As Prepared for Delivery
Today’s hearing marks an informal kickoff to a renewed effort by this committee to reform the Congressional budget process. This is not this committee’s first look at this topic. We began to examine the broader contours of a reform effort through two hearings we held last year.
Nevertheless, we are beginning what will be a series of hearings over the coming weeks. The aim is to have these discussions inform the drafting of legislation to enact a true overhaul of the 1974 Congressional Budget Act.
But before we get too fully immersed in the details and mechanics of what a functioning budget process ought to look like, we need to step back and remember why we need a functioning budget process in the first place. We have to look at the big picture to get an appreciation of the fundamentals at play in this discussion.
You do not get more fundamental from a legislative or legal standpoint than the Constitution. Before there was a Budget Committee or the antiquated budget process we have today, there was the Constitution – with the roles, responsibilities, and authorities it prescribes.
And the Constitution makes it quite clear that budgeting is not to be viewed as ancillary to the larger governing process – but rather fundamental to it. In Article I, the Constitution gives Congress the power of the purse. Congress writes the laws that govern this land and it appropriates the funds necessary to help carry out those laws.
Appropriately, the Constitution does not prescribe a specific budget process for Congress to follow. The architects of our republic were wise in understanding the limits of their own foresight. They left it to Congress to fill in the blanks with a system that will allow the people’s representatives to carry out their Constitutional duties. Right now we do not have such a system in place that serves the people well or that holds Congress accountable.
Because of that fact, over time Congress has surrendered much of its power of the purse to the executive branch. The question we have before us today is how can we go about reclaiming Congress’ authority and, in so doing, restore greater order and credibility to the governing process as a whole.
A breakdown in budgeting leads to a breakdown in broader policymaking. That is why this reform effort goes far beyond the interests of just this committee or our friends on the Appropriations Committee. All of Congress and all committees have a vested interest in seeing that we have a functioning budget process.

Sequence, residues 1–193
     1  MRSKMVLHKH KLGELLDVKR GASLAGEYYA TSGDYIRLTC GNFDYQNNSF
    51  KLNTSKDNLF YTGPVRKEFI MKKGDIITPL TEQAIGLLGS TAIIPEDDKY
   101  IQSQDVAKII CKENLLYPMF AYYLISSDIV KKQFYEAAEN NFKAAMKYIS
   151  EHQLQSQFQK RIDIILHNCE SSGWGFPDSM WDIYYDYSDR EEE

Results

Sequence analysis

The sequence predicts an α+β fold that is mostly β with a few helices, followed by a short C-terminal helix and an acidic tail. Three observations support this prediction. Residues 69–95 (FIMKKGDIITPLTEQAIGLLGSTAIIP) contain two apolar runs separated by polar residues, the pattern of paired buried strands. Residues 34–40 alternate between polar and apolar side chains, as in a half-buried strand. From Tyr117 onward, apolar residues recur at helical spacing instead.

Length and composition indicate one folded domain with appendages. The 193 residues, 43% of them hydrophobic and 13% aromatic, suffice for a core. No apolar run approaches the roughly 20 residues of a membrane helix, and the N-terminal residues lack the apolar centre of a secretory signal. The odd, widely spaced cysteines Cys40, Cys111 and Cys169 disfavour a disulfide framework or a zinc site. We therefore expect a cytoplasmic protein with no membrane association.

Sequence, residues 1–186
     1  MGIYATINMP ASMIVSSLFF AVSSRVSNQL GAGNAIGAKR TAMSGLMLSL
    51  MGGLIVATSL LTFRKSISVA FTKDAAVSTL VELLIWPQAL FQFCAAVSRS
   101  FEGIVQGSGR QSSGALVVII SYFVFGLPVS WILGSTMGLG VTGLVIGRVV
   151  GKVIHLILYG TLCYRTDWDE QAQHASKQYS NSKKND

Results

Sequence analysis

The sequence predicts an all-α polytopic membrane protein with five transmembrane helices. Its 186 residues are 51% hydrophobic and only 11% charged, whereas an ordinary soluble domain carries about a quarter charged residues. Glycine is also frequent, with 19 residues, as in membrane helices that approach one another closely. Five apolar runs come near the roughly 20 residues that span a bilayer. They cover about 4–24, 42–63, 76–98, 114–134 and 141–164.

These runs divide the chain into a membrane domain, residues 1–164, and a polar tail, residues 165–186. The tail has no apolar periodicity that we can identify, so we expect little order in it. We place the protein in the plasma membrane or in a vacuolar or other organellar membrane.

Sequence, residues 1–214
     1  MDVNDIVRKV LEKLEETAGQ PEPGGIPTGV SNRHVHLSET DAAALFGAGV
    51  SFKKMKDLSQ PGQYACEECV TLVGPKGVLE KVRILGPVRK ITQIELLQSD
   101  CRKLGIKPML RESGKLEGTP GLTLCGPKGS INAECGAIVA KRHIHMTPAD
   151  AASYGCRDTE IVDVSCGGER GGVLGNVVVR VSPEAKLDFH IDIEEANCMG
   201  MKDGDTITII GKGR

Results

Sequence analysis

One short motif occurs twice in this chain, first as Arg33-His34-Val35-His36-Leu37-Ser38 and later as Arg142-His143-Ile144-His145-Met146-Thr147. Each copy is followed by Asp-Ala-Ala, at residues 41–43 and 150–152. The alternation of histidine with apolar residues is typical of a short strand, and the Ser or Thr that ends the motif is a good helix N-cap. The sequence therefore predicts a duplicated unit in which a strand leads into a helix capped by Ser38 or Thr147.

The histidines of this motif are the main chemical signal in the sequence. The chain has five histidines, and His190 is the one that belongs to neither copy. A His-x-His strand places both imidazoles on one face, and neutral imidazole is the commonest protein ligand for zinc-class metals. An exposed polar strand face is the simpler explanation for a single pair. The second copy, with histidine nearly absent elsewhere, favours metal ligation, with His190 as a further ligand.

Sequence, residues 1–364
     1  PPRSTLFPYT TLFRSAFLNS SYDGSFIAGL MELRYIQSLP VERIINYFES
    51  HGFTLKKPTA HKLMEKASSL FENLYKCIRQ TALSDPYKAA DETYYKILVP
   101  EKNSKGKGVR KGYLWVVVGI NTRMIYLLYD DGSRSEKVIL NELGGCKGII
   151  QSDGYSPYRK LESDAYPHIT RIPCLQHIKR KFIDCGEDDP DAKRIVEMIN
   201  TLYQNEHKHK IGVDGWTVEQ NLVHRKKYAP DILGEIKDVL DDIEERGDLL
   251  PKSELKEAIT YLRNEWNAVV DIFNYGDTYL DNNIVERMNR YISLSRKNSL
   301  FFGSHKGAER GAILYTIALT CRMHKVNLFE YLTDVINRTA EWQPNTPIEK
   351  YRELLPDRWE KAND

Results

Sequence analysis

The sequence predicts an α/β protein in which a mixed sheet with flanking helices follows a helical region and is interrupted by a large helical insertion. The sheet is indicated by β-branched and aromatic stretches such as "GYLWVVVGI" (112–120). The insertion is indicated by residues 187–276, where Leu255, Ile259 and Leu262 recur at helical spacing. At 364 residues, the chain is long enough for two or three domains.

Perhaps the most troubling consequence of our current failed process is the remarkable growth in automatic spending. This is the spending that Congress has largely avoided addressing and which is done outside the annual appropriations process.
Automatic spending is the sole source of Federal spending growth as a share of the economy. It is the main driver of government debt. Unchecked growth in this type of spending is truly an affront to the spirit of Article I because it removes an important part of Congress’ power of the purse – namely the power to choose when NOT to spend. By design, automatic spending requires the consent of the executive – a presidential signature – to turn it off.
For those needing a real world example of what we are talking about today, look no further than the recent ruling by a U.S. District Court judge. In a decision announced just a few weeks ago, a DC Circuit Judge ruled that the administration could not expend funds to a program for which Congress had refused to appropriate money. This court ruling in no uncertain terms reinforced Congress’ Article I power of the purse.
Lastly, today’s hearing should hopefully shed some important light on the hidden regulatory costs that are too often overlooked during budgetary discussions. In 2015 alone, Federal regulatory costs were upwards of $1.9 trillion. That’s equivalent to roughly half of what the Federal government spent last year. It is more than was collected in income tax revenue. And none of these costs were directly approved by Congress. They are born out of executive branch rule-making.
So we have a robust set of challenges before us, and this ought to be a non-partisan discussion. A sound budget process benefits no single party or governing philosophy. It is necessary for the health of our republic – something we all care about.
I want to thank all of our witnesses for being here today and for their interest in these issues. We have Philip Joyce, Senior Associate Dean and Professor at the University of Maryland School of Public Policy; Stan Collender, Executive Vice President at Qorvis MSLGROUP, and Matthew Spalding, Associate Vice President and Dean of Educational Programs at Hillsdale College and the Allan P. Kirby, Jr. Center for Constitutional Studies and Citizenship.
Thank you all for being willing to take time to share your insights into how Congress can reclaim the power of the purse and restore a healthy, constitutional balance of power.
And with that I yield to the acting Ranking Member, Mr. Pascrell.